Although lower percentage does not mean watts being wasted, it just means less watts input, less watts output. And the higher the the higher the efficiency output.
Overall, you'll be please with this unit, it's highly efficient and the build quality has surpassed previous generations and could definitely very well be better than most 1000W PSU on the market.
Pros: CrystalDiskMark 4.1.0 x64 (C) 2007-2015 hiyohiyo
Crystal Dew World : http://crystalmark.info/
* MB/s = 1,000,000 bytes/s [SATA/600 = 600,000,000 bytes/s]
* KB = 1000 bytes, KiB = 1024 bytes
Sequential Read (Q= 32,T= 1) : 561.374 MB/s
Sequential Write (Q= 32,T= 1) : 302.844 MB/s
Random Read 4KiB (Q= 32,T= 1) : 294.381 MB/s [ 71870.4 IOPS]
Random Write 4KiB (Q= 32,T= 1) : 291.308 MB/s [ 71120.1 IOPS]
Sequential Read (T= 1) : 393.283 MB/s
Sequential Write (T= 1) : 310.372 MB/s
Random Read 4KiB (Q= 1,T= 1) : 28.110 MB/s [ 6862.8 IOPS]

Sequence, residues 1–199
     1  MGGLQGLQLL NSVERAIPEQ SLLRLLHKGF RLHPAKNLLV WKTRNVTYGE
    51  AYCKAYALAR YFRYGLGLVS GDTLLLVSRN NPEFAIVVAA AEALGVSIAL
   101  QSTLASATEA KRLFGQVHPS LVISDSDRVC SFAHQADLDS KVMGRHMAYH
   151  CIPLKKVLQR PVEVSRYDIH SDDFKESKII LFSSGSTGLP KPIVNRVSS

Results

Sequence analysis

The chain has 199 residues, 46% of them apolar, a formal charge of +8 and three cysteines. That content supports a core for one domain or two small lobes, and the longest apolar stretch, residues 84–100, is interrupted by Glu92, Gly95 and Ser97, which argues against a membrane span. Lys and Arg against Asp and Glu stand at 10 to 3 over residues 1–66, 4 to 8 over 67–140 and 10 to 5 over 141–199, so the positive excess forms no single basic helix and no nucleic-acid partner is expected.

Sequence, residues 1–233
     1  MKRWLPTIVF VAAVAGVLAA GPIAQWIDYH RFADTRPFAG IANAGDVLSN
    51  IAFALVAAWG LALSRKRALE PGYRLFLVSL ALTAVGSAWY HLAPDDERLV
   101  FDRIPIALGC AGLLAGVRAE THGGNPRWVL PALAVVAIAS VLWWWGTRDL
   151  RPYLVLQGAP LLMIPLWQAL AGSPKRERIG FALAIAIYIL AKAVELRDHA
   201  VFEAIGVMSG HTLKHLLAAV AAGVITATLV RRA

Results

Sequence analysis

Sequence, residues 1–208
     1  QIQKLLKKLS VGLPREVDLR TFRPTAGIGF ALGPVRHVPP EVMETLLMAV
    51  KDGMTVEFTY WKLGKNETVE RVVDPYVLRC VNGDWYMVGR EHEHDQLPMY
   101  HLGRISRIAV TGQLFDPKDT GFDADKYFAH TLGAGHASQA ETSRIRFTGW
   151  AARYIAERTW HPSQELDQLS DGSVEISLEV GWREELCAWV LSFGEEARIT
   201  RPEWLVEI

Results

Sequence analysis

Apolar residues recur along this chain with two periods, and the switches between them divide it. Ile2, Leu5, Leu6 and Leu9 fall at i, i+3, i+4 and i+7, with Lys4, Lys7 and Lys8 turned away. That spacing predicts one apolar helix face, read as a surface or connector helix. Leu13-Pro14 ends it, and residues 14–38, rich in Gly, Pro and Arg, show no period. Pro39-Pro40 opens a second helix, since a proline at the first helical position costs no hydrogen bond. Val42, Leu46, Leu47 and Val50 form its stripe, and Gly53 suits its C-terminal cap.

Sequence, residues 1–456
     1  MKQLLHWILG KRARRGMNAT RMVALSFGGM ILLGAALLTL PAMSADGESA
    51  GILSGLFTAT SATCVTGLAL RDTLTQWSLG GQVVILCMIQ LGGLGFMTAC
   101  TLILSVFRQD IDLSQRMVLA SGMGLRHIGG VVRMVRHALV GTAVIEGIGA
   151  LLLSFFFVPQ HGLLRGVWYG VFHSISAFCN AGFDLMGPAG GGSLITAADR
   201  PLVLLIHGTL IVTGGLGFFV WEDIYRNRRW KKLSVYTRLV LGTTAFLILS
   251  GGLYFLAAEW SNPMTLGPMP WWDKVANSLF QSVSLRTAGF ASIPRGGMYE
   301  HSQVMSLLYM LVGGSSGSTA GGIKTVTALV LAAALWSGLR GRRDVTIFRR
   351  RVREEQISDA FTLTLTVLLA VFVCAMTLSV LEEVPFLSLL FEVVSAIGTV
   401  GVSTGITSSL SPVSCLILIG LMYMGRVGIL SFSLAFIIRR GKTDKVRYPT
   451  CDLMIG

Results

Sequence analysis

Random Write 4KiB (Q= 1,T= 1) : 109.354 MB/s [ 26697.8 IOPS]
Test : 1024 MiB [C: 19.0% (45.4/238.1 GiB)] (x3) [Interval=5 sec]
Date : 2015/07/12 4:30:17
OS : Windows 8.1 [6.3 Build 9600] (x64)
As you can see, the speeds are pretty much on par with the ones in the description. It's great and inexpensive drive, you get amazing "READ" speeds, although the "WRITE" speed isn't that amazing but good enough, considering that the drive is mostly for Windows and for "STORAGE" I got a WD Black SATA 6 which is the best mechanical drive one can ever own as well.
I'm going to get the 512GB and clone it as I will be using it for storage as well, considering that the 512GB version does a 100MB/s more than the 256GB version.
Another suggestion would be to get a Corsair Slider 128GB USB 3.0 flash drive and use that for temporary files, that's another fast drive as well, doing 120MB/s Read and 75MB/s Write, not bad considering it's only $29.99.
My computer boots up really fast, @ 560MB/s, it's exactly what I wanted, a fast reading drive to boot up Windows in less than 12 seconds and this drive delivers.
Cons: None.READ FULL REVIEW
Display Name: Roberto C.
Date Joined: 12/31/01